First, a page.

To Mark Jacobs January 16 1978

January 16 1978


I have been doing some overnight thinking on this matter of a biography, on which I wrote to you yesterday briefly, so that the subject might be placed at once in confidential status between us. Besides what I indicated, there is to be considered the commentary I am preparing on the [T. S.] Matthews book – what sort of relation as to contents, and timings, would have to obtain between the two. Then there is the question, which I have very sketchily presented to you, of others – as, for instance, what Alan might wish, as to participation, on the basis of past speculation of mine communicated to him. Indeed, the material documentary, and of personal communication, that he holds, besides his own separately collected possession of bibliographical and personal data (on very much of which he has my comments, corrective, informative), would have worth for source material for a biography.

Much keeps rising for our thinking on between Jim [Mathias] and myself; I must try to pace this – the burden of presence to it all for judging from his position of care for my work, myself, the course of things in special relation to the Matthews matter is a large one (and the Matthews matter in particular is not, as I hope very few of my friends are feeling to be and am sure he is not feeling it to be all over with). I shall be raising question of what you propose with him, for his thinking on. He is keenly sensitive to the practical aspects of things along with being keenly sensitive to the personal values and ultimate realities at the inward center of them; and he has a most lively sensitivity of feeling to the personal actuality, myself. I believe that he knows, a good deal, the differing natures and personalities of my friends whom he has taken into friendship: let is leave the biography subject for the present to his and my deliberating on it for a time. You have my word already as to my viewing your proposal very seriously.

That is news of interest that you have sent as to the anonymous review of my Selected Poems and The Telling that appeared three to four years ago in the TLS was by Donald Davie. [sic] I had thought it was by I. A. Richards, for its wizened sprightliness, and its benighted vanity in one regarding himself as a poet also – the writer did not deign to write well of my poems, concentrated on attacking Michael's [Kirkham] writing on one, sympathetically, in his review of Selected Poems in the Cambridge Quarterly. Michael wrote an answer to that in a submitted letter, which the TLS did not publish. At the time, for sure, Michael did not know that the TLS reviewer was Davie! ---Yet in recent time Michael has indicated that he and Davie have become friends ; but he has not indicated acquaintance with the fact that it was Davie who wrote against my poem that Michael had chosen as one instance for demonstrating how good my poems are. --- Do not speak of what I have here written on this matter to anyone. I am looking towards what you will be further sending me as to how this review may have been modified in Davies’s reproduction of it in his book of essays.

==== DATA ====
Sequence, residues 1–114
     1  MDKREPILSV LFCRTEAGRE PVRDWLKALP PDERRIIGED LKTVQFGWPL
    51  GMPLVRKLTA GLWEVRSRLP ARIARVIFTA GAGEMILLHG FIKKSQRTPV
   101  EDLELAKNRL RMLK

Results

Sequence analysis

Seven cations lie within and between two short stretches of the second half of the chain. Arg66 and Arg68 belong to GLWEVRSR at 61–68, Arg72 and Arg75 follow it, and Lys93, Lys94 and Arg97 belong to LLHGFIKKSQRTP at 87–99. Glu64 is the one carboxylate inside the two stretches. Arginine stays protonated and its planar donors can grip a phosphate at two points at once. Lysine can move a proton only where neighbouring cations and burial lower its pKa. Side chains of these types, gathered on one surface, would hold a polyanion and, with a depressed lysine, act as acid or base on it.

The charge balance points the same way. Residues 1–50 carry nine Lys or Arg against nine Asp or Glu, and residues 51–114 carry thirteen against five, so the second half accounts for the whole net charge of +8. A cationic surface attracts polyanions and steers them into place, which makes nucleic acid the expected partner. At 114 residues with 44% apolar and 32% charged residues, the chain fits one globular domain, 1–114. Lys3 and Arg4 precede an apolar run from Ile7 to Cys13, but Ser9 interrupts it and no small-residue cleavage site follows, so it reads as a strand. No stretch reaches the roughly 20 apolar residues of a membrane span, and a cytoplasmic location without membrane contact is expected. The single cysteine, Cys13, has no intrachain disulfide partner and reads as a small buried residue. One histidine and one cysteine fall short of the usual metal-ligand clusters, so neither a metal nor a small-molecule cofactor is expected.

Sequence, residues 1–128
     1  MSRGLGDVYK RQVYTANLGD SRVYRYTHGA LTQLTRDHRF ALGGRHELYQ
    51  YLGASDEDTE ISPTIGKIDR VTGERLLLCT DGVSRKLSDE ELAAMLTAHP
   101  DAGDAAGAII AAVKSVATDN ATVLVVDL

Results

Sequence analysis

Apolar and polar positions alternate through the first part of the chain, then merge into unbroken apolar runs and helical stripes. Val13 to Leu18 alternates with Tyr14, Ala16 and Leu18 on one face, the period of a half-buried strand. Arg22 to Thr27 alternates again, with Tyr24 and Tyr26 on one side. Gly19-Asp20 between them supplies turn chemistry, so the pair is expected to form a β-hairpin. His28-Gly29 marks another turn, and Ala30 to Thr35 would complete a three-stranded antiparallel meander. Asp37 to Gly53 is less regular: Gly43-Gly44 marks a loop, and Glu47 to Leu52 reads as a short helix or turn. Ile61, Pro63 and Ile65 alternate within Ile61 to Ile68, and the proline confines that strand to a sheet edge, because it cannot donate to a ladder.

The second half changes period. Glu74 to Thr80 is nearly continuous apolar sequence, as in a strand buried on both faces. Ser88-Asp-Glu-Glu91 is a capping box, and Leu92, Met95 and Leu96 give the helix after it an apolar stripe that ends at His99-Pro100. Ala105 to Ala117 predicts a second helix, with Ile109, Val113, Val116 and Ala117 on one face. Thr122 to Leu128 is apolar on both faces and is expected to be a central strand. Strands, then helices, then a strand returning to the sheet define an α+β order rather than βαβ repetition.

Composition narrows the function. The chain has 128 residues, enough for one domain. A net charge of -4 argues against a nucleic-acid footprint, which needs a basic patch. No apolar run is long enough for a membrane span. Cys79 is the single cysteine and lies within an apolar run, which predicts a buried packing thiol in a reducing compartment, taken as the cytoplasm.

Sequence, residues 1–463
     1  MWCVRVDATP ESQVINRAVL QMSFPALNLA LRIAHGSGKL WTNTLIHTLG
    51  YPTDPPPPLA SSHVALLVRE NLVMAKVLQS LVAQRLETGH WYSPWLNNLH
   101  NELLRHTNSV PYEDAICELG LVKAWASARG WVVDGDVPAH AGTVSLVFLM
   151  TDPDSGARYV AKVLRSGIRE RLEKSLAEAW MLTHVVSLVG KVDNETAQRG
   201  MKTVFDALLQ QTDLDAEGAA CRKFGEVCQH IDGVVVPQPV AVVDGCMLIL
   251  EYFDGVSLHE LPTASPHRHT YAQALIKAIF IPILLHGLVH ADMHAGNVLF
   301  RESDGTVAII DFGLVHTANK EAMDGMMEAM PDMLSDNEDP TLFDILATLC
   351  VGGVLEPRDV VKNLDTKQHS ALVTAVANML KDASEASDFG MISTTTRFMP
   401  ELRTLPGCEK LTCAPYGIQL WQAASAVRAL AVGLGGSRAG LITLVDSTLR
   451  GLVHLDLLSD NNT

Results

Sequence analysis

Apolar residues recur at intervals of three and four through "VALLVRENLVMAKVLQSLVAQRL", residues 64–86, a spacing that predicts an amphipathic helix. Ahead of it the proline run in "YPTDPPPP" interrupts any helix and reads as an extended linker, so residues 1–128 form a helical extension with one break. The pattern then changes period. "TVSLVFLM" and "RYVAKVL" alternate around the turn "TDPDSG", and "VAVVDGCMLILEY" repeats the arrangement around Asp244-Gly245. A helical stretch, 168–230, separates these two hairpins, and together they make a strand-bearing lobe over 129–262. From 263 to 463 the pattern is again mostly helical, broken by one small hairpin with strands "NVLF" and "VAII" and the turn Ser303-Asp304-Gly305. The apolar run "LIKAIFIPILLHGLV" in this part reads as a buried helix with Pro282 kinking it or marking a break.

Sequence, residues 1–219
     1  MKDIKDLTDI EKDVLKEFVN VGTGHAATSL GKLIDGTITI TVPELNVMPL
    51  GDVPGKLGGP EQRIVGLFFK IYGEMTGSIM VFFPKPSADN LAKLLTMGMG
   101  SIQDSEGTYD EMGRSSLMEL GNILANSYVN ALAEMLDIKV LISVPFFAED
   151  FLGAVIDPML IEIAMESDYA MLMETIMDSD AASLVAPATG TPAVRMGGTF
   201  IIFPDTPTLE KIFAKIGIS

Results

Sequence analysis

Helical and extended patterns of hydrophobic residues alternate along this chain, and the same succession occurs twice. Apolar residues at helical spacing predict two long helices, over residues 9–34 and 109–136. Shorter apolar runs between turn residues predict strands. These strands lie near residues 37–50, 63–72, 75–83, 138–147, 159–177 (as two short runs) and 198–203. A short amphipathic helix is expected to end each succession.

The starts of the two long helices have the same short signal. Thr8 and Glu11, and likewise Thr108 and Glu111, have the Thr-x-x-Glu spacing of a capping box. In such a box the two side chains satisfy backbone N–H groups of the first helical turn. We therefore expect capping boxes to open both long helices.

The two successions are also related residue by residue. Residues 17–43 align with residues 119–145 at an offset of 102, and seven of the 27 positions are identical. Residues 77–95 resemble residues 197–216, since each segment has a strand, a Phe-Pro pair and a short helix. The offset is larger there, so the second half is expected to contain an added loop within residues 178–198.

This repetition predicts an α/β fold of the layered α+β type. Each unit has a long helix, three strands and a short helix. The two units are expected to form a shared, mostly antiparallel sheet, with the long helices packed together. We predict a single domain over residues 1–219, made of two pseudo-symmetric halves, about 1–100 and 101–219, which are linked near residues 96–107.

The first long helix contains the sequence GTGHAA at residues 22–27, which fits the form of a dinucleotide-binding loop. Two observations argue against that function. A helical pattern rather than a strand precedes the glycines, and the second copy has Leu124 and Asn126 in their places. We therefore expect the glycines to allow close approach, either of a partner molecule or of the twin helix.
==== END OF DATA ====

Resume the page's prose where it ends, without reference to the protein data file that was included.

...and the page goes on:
As I have already indicated, as to your finding of that nastiness as to Jonathan Cape and Graves and myself: the temptation to vent ill-feeling upon myself bas been widespread, and, likewise, the yielding to it. There is that ‘about’ me, that which I ‘am’, that excites discomfort.-------- The why of this I regard as having to do with the same 'thing' that accounts for Matthews' daring to do what be has done in treating of myself, my life, my work. my relations with people.

I thank you for attempting to speak with some ease of openness on what I wrote for the three in England's knowing. I'll comment on what you have written in my next writing. . --- I have written hurriedly. I must prepare for going out to lunch with two friends – this planned by one of them for my birthday's honor.

Blessings – with special pleasure in your thought of me in the birthday connection.